In Praise of Naps
I remember reading this cool story about Edison. He didn’t have a firm separation between day and night and kept a bed in his office. When he was tired, in the middle of the day, he had a 15 or 20 minute nap, and then woke up, full of bounce. If he was wide awake in the night, he worked. As a result, he was usually fresh, and alert.
I am a great believer in that—and find it hard to believe that anything is worth running ragged and tired.
And so, I am also a great believer in—and practitioner of!!—naps. Generally one a day, for 13-20 minutes, but on a tired day, I might have 2 or 3 short 15-20 minute naps, just to regain bounce and read or write or think or live at full speed.
My favourite description of a nap is from Iris Murdoch’s “The Good Apprentice”—“two days for the price of one.” That’s what a long nap, 30-60 minutes gives me. The morning’s turmoils, tensions, happenings and work now seem far away; it’s like starting a new day afresh!!
It’s exactly what I feel on resuming my day after an hour of prayer. Yesterday’s hurly-burly, this morning’s frustrations now seem far-away, past history. He has made all things new!
* * *
Napping may seem slothful to the Western mind but in the East, it’s been part of the way of life for millennia, probably. The sun streams in at 5 o’clock; the noise of life begins. And then, not surprisingly, by mid-afternoon, sleepiness overwhelms you, and a nap restores you for the rest of your day.
My father, a Chartered Accountant, was the Controller of Accounts at Tata Steel, and walked home every day for lunch, and laid down, flat on his back, his hankerchief over his eyes, and slept soundly for about half an hour. At two, he walked back for his second shift. He and my mother quite unnecessarily woke at 5 a.m. to read their newspapers, with bowls of mangoes beside them, so I guess they adapted to this biphasic sleep.
* * *
Many contemporary solutions to modern life are counter-intuitive. For instance, people often recommend that you go out for a run or garden when you are depressed. And when I do do that, I feel immeasurably better. However, the trick is getting myself to do it.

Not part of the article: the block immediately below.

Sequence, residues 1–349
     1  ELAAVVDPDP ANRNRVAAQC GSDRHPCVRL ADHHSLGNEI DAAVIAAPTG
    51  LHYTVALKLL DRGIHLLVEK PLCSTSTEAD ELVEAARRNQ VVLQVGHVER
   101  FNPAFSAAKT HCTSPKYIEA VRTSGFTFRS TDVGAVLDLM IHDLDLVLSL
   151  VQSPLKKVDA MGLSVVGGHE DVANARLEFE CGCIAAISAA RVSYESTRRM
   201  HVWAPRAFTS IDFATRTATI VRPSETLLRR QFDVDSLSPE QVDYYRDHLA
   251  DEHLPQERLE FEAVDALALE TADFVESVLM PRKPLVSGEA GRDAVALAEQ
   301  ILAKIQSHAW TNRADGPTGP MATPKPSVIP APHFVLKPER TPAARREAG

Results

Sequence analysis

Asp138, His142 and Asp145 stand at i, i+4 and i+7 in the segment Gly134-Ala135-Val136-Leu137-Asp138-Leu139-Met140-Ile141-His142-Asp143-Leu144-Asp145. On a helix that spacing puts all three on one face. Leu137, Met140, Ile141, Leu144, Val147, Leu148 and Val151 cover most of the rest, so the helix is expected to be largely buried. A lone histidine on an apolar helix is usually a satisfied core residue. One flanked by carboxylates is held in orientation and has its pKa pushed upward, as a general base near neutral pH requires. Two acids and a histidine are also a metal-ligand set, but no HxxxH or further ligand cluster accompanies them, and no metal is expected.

I am afraid what I do when I feel depressed is have a nap (with a timer) resting with God, telling him the Go has leaked out of me, but I do want to do this and this and that and please would He restore me. It is a quiet rest with God—I guess it’s prayer, because I certainly feel God’s closeness and enveloping—and I am restored after it, and feel happier and motivated again. Though to call it prayer feels a bit of a con. I lie down guiltily– knowing I am doing the very thing one is not supposed to when depressed or out of motivation: take to bed. And I guess it’s God’s mercy that I regain my bounce and motivation.
I am afraid I no longer resonate with the things I read about waking early, Bruce Wilkinson saying that you will stagnate and not reach spiritual heights unless you wake at 5 (in The Secret of the Vine) or Jeff Goins’ advocacy of early rising to write.
These are the verse which speak to me on the subject, from Psalm 127
Unless the Lord builds the house,
In vain do the builders labour
In vain is your earlier rising,
Your going later to bed
For he gives to his beloved sleep.
* * *
Only a fraction of writers who write are widely read by their generation. And only a fraction of those writers will be read by successive generations.
And yet we have a mandate: To bear fruit which will last.
And how are we to do that?
It’s counter-intuitive and paradoxical. By hanging out with Jesus, resting in Jesus, remaining in Jesus, learning from Jesus, talking to Jesus, listening to Jesus, being one with him. Abiding, dwelling in him.
And my time of this rest and unity, beyond words, is often when I am dozing off on a brief 15 minute nap I’m taking because I am too groggy, too mentally tired, or simply too sad and limp and listless to do anything else.
And in the still waters of the nap, he makes me down to rest. He restores my soul. Again.
I love Him!